, Volume 90, Number 3

John R. Deni
With the end of major combat operations in Afghanistan, how will the North Atlantic alliance maintain the unprecedented levels of interoperability developed over the last decade? One of the most effective means of building and maintaining interoperability—the forward-based presence of US military forces in Europe—has shrunk significantly over the last 25 years and is likely to shrink further in the coming years, meaning it will become increasingly difficult for American and European military forces to operate side by side. Nevertheless, the United States continues to look to its allies in NATO as the primary partners in maintaining and promoting common interests around the globe. Additionally, Washington seems more committed than ever to wielding force in a coalition context. In order to help remedy this seeming incongruity, Washington announced in early 2012 a plan to deploy rotationally several hundred troops from the United States to Germany for periodic exercises with European partners and allies. However, it remains unclear whether a rotational model will be sufficient to generate the level of interoperability necessary for US forces and those of its most capable European allies to work seamlessly across the range of military operations. The loss of tactical and operational interoperability threatens transatlantic strategic interoperability,and therefore risks decoupling European and American security policy. To mitigate these challenges, the article discusses several policy steps the United States should consider.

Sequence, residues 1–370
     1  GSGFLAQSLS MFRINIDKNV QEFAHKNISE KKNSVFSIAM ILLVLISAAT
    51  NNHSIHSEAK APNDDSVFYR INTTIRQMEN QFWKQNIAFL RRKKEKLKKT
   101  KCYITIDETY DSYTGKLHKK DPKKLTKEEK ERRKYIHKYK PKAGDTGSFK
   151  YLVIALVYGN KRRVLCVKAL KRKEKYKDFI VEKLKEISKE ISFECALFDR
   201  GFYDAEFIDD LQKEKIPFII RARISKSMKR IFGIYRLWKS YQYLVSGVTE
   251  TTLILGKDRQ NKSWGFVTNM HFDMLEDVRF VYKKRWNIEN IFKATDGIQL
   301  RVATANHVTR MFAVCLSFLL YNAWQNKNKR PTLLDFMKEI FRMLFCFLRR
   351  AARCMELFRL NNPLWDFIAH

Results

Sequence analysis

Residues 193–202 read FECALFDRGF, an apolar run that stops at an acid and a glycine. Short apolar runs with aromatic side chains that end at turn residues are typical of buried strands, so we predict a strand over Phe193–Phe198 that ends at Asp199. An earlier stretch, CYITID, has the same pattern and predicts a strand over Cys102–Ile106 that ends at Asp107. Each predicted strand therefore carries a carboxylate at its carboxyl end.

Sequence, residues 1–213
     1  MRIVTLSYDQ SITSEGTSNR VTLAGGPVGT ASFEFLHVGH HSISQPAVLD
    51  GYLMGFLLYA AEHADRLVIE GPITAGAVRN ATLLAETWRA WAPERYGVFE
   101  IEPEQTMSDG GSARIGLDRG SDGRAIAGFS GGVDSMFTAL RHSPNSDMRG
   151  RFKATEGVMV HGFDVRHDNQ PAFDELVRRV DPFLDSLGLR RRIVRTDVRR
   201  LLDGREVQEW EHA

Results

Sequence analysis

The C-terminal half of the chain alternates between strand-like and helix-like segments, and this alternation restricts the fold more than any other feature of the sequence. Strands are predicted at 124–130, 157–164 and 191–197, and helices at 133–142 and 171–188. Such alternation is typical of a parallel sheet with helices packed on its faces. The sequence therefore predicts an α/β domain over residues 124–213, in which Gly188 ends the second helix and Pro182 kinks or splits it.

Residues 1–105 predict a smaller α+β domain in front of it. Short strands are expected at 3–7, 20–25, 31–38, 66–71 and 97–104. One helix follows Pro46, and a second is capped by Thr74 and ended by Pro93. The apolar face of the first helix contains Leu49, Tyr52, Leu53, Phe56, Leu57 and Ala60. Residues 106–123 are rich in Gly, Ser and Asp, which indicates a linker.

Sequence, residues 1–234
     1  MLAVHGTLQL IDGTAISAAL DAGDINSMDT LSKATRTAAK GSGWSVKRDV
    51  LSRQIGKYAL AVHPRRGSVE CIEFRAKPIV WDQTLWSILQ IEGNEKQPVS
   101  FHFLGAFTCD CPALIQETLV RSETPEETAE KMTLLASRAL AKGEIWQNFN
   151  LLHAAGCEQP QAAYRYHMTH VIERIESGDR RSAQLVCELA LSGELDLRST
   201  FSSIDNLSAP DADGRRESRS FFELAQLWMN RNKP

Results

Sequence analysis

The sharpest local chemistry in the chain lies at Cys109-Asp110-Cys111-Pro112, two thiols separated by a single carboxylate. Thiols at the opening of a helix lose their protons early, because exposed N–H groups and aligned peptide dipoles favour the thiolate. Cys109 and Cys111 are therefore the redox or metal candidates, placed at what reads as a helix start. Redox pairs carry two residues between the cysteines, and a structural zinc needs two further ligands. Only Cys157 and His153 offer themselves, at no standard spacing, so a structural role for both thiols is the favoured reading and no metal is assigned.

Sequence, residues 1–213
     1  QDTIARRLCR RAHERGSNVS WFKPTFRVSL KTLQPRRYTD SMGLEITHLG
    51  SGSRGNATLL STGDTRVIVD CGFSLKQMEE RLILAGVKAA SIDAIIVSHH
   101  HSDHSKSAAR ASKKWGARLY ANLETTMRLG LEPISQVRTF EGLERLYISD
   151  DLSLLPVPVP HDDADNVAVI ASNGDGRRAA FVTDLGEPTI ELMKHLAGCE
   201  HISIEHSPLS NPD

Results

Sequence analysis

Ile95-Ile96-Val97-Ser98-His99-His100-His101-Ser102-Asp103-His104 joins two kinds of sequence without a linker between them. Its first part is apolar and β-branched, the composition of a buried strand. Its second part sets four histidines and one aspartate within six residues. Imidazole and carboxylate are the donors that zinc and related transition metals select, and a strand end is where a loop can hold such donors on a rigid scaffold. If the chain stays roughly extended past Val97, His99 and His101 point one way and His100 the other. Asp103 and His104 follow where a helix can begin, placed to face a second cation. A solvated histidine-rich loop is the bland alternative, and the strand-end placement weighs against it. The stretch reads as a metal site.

To read this article, you need to be a Chatham House member

Find out more about Chatham House membership